South African gold producers will need to offer a pay increase of at least 20 percent to even be considered by the National Union of Mineworkers, the industry’s biggest labor group.
An initial offer of a 20 percent increase is “something we could take back to our members,” NUM General Secretary David Sipunzi said in an interview at the union’s offices in Johannesburg on Friday. “If they put less than that, it would be similar to having put nothing on the table.”
The NUM, which has asked for a basic wage increase of more than 80 percent to 10,500 rand ($860) a month for entry-level workers, started wage negotiations with companies including AngloGold Ashanti Ltd., Harmony Gold Mining Co. and Sibanye Gold Ltd. this week. The companies plan to table an offer on Monday, they said June 24.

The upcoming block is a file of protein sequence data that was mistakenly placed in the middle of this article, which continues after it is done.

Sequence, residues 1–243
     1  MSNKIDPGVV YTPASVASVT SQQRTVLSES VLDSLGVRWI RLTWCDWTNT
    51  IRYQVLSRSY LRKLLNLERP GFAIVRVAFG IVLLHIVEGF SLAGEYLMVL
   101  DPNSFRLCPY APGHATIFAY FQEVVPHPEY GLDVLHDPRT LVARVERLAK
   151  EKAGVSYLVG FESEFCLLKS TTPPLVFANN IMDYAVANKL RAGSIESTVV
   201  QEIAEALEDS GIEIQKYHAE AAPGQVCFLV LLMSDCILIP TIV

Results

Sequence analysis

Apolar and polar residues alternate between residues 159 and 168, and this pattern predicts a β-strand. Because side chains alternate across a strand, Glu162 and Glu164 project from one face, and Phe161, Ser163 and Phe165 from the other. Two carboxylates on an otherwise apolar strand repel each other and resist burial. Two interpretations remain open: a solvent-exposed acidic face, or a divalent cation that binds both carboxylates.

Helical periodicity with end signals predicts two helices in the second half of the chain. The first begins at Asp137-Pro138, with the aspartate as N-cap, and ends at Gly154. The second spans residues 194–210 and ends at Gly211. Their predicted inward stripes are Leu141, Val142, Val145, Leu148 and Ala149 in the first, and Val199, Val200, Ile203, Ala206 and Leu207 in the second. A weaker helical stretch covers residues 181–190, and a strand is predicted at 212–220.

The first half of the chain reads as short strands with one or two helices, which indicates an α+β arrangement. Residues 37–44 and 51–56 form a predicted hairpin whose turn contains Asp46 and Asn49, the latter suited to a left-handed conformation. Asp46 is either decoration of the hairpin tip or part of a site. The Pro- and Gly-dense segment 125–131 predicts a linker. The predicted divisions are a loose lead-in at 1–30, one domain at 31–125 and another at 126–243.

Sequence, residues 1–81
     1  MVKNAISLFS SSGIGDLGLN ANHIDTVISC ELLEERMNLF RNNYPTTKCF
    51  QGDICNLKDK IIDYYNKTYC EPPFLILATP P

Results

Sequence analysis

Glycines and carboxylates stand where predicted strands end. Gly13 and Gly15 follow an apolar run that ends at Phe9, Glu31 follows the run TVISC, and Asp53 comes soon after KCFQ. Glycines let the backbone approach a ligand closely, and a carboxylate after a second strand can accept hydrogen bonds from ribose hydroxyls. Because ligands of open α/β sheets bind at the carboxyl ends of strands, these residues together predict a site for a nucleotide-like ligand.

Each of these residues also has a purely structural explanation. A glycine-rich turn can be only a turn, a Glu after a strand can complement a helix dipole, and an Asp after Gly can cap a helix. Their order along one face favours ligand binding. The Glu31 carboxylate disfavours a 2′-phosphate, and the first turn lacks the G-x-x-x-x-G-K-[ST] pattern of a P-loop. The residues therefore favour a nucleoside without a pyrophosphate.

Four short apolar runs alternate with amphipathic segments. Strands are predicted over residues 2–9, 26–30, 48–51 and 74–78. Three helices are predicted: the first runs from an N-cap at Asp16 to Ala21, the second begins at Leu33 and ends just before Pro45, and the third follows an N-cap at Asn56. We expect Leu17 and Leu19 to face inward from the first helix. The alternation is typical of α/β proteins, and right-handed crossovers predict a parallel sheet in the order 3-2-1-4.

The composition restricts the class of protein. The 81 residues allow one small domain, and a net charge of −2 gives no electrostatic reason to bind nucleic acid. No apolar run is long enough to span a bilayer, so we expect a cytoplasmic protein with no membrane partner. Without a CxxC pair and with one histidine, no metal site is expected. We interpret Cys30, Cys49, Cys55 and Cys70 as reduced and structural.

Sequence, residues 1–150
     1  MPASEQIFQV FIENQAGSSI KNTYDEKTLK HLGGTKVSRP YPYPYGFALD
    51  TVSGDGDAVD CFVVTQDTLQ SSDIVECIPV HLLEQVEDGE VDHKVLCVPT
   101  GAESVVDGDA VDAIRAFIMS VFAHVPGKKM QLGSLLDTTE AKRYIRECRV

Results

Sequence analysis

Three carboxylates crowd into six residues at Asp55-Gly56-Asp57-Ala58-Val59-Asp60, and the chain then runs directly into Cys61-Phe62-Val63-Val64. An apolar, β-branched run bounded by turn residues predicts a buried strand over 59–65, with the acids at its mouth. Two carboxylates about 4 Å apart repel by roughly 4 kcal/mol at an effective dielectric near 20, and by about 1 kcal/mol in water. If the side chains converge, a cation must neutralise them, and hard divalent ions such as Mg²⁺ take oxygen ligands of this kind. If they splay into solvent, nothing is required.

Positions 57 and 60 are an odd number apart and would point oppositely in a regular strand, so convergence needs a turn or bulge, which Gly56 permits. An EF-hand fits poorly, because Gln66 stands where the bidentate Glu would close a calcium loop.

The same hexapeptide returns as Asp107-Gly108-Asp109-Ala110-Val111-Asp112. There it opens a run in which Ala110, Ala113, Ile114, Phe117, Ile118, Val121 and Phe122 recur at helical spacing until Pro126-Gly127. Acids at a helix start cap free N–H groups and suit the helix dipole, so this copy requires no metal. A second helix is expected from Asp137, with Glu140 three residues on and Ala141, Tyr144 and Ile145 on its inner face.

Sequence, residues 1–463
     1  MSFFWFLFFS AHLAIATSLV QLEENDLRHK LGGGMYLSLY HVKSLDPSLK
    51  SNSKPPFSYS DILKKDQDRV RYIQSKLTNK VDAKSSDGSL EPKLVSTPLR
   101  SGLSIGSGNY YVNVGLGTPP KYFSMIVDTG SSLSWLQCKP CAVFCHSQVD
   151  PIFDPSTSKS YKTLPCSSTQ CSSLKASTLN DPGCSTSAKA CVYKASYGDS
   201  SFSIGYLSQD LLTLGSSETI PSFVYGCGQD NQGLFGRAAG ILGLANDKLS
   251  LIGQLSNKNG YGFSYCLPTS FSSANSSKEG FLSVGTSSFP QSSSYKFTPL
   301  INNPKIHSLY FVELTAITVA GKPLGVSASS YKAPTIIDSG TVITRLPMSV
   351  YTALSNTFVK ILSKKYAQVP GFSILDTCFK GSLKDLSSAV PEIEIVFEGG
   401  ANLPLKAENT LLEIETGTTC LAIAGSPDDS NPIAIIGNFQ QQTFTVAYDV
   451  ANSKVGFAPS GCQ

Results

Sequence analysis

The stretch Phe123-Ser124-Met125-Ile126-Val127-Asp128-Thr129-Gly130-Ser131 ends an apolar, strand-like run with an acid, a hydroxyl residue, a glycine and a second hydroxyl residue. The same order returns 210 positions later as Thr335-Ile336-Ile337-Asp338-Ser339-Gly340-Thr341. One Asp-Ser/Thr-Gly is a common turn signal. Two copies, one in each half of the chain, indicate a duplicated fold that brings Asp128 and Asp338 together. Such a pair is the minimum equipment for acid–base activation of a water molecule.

Sipunzi also said the union was “not rejecting” a so-called social compact offered by the mining companies, they just don’t want it to be part of the negotiations. The gold producers say a social compact would include job numbers and living conditions as part of wage talks.
The Association of Mineworkers and Construction Union, the second-biggest labor group in South Africa’s gold mining industry, has asked for entry-level basic pay to be more than doubled to 12,500 rand a month.